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AMD (AMD), which has had more lives than most cats, is running out of them, and its last roll of the dice tells investors volumes about the direction of the semiconductor market.

The company's coming embedded processors will be based on ARM Holdings (ARMH) designs, not the x86 Intel-compatible technology the company is known for. Current versions carry an "x" in a corner, representing their X86 compatibility.

The reason is power consumption. An ARM design from AMD may use just 3 watts, against 9-25 watts for x-branded chips. That translates to longer battery life.

Intel (INTC) itself is going through all sorts of trips in an effort to make its new Haswell processors more power-efficient and those chips don't really have much more compute capacity than the Ivy Bridge models they replace. The company is sacrificing performance to minimize energy use and become competitive.

Our Ashraf Eassa insists that Intel is now fully competitive with ARM on power consumption which should save the server market for Intel. But the amount of custom work needed to get there is apparently too much for AMD in the growing embedded chip market.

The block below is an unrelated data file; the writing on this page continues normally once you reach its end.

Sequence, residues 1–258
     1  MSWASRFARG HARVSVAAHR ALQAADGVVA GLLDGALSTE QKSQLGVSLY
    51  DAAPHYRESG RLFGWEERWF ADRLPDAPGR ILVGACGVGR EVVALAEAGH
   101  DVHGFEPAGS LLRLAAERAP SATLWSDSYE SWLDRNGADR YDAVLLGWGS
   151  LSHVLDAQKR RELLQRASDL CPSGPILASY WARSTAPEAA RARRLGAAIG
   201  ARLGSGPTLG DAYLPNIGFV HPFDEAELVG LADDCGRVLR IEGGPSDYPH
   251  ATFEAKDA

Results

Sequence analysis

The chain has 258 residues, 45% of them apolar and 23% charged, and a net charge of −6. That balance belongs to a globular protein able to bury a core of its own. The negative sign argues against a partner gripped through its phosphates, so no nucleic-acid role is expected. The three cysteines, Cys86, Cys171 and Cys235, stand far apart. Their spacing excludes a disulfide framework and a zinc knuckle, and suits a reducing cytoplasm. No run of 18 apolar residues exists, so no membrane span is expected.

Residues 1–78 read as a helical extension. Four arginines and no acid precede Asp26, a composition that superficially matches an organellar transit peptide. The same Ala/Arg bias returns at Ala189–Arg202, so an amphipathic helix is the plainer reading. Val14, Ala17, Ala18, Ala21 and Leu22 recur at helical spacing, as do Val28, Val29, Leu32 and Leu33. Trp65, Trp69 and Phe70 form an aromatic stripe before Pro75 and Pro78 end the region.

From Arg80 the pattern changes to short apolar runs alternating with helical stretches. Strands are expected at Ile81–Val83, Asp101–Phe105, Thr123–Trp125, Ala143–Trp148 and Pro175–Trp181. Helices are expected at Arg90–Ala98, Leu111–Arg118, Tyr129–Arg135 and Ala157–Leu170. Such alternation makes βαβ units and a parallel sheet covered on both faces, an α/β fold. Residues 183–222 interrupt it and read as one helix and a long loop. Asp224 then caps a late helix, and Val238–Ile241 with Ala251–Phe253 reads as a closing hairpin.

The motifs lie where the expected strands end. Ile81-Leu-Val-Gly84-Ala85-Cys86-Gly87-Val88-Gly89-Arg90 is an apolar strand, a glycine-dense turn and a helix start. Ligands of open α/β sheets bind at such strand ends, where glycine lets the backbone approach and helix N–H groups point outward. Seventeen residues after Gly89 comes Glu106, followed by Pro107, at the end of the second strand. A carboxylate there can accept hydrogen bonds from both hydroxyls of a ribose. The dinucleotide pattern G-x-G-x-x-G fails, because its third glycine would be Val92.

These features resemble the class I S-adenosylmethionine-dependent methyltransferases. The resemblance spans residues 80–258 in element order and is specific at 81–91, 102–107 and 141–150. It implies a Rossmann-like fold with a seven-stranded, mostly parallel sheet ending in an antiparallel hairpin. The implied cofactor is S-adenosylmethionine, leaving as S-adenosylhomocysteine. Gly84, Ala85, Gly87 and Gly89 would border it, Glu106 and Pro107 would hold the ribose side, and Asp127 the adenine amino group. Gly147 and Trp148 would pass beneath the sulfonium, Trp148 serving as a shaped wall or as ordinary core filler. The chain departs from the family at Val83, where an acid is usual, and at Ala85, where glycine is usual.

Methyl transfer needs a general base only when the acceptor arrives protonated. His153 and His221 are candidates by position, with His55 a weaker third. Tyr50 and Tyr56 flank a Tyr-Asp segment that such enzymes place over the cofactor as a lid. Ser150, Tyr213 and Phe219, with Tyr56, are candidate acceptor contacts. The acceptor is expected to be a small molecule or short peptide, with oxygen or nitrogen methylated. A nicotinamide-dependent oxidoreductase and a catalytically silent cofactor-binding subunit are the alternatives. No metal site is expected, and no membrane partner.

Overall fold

The reason for that can be seen in AMD's financials. Despite going fabless, and putting its chip-making into the hands of Global Foundries, AMD is still placing more debt on its limited assets. Its debt-to-assets ratio is now well over 50%, more than four times higher than the rate for Intel. That's unsustainable. It is barely breaking even on cash flow, and the value of the stock has gone down 63% in the last year.

If the ARM gambit fails, in other words, the cat dies.

What all this tells me, as a stock buyer, is that Intel is increasingly going-it alone in the processor world, investing heavily in a very few designs and insisting that buyers take off-the-shelf components. But in the device and embedded markets, which are increasingly where the growth is, that won't play. The chip gets designed around the device, rather than the device around the chip.

Advantage, ARM.

Source: AMD Hopes ARM Can Save It